Are Agents Expected to Edit?

Are agents expected to be editors?

That depends on if we’re talking about a substantive edit vs a line edit. Many times, agents will ask an author or potential author to tweak and/or reorganize the content of their material. The author is either willing or unwilling to make those adjustments, which may affect whether or not they are signed. However, if you believe that when you submit your project to an agent that a line edit is somehow included in their services, you’ve been listening to those who simply don’t understand the process.

It is your job as the writer—the creator of the work—to fine-tune and polish the text. You’re the writer, right? The agent will not only expect you to produce a clean copy, but will insist on it if they are to represent you. This is to preserve the agent’s reputation, and to introduce you to publishers with the confidence that you are capable of living up to the publisher’s demands.

Since there is some confusion about this floating around out there, I thought I would explain the industry’s standard. I’ve never heard of an agent editing an entire manuscript with the exclusion of myself when I was first starting out and didn’t know better. All of my editor friends would say, “Kimberly, why are you editing that manuscript? That’s the author’s job!” Finally, from lack of time, energy, and simply getting wise to the practice, I learned which responsibilities were mine, and which ones were not.

When a writer signs with Living Word, they are asked to adhere to a proposal template that you’ll find posted on this website. I created this template from the prospective of 8 years spent reviewing manuscripts submitted to the editorial department of Harvest House, as well as 4 years prior to that in the sales department. I’ve read the best of the best—those proposals that instantly intrigue and sparkle—as well as those not so dazzling. It was this insight that led me to fashion what publishers have come to expect from this agency, with many of the projects making it to PubCo (Publisher’s Committee), which is the last stop before a contract is offered.

For my authors, I help guide them in writing an outstanding proposal while holding them to the highest of industry standards. Then, line by line, I edit both the proposal and sample chapters before sending them out into the world. This is what you can expect from a good agent.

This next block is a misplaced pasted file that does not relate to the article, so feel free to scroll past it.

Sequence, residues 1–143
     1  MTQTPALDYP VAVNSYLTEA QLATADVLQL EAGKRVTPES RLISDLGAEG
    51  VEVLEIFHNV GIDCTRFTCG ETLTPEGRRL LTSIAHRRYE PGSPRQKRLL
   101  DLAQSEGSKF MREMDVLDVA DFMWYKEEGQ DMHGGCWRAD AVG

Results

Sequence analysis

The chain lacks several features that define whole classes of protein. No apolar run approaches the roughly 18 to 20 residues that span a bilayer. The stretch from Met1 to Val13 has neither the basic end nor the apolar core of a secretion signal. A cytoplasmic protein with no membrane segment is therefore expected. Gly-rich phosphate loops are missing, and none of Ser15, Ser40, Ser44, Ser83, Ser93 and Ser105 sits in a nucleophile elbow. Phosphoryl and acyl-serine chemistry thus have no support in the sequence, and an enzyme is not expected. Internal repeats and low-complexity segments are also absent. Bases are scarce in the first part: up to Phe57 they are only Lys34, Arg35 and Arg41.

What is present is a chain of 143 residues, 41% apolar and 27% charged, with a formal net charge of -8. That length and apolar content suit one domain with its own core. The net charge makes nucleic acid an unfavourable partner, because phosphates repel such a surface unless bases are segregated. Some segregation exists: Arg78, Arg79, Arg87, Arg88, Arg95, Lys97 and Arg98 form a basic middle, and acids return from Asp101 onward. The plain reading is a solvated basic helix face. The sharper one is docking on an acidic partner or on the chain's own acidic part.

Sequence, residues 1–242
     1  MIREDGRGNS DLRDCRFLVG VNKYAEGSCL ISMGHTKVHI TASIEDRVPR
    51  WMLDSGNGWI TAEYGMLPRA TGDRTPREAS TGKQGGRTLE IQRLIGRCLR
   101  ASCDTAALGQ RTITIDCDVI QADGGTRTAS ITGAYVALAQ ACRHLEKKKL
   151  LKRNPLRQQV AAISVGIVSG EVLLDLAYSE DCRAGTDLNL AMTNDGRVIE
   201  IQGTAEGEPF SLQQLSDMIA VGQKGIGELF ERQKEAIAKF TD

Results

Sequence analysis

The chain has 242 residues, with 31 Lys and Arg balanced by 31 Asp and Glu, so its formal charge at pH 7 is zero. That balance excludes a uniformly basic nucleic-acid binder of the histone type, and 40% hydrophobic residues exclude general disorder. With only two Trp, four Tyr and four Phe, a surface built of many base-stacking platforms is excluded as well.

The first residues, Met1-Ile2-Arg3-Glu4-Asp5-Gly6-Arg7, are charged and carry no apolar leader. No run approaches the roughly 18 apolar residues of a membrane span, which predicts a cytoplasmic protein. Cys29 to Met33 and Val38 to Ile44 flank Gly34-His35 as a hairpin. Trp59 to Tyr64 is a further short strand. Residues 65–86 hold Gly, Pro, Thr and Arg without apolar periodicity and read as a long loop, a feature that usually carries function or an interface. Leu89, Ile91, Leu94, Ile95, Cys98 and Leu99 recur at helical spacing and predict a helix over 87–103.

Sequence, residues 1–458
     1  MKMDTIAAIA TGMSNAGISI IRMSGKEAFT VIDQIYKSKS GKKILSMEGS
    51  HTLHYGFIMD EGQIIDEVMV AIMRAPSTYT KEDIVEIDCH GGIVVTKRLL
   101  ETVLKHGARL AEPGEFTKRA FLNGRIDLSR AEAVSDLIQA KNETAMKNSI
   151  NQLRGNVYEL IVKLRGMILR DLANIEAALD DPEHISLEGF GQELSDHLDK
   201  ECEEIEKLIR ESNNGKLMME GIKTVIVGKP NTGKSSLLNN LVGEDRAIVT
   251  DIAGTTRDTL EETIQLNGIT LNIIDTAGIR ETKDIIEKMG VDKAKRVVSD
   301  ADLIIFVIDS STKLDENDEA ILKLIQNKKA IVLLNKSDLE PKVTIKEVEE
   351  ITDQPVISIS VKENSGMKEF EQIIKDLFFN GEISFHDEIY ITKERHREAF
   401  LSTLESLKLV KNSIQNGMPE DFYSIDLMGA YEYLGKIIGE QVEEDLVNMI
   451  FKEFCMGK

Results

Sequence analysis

What do the pros do before querying an agent? They hire a good editor.   

My advice to you is to hire a reputable freelance editor to comb through your manuscript pulling out typos, grammar errors, and addressing any issues that reflect laziness, a deficit in attention to detail, or just screams ROOKIE! A green author is merely showcasing their inexperience by having a problem with or doubts about this very foundational rule.

Note: There are those freaks of nature who write a first draft as though it were their twentieth—virtually error-free. Yes, I’ve seen them, admired them, and wish there were more of them. No myth, just naturally gifted. But the fact remains that they are 1 in about 5,000. Seriously. And you know who you are! If you are not completely confident that you dwell among their ranks, get an editor!

As an agent who happens to be an editor as well, I’m careful not to blur the lines that separate the two. When I edit a project, it is in no way attached to this agency. Let it never be said that I acquire for one service for the benefit of the other. Each business is a stand-alone, and will remain that way. Those who do sign with Living Word are aware that with my combined experience in publishing and editing, their projects rise to a level of quality and substance that gets noticed.

In closing, I’ll be posting a laundry list of editorial missteps that I see regularly within submissions that were thought to be—by the author (and their friends)—clean. Stay tuned…


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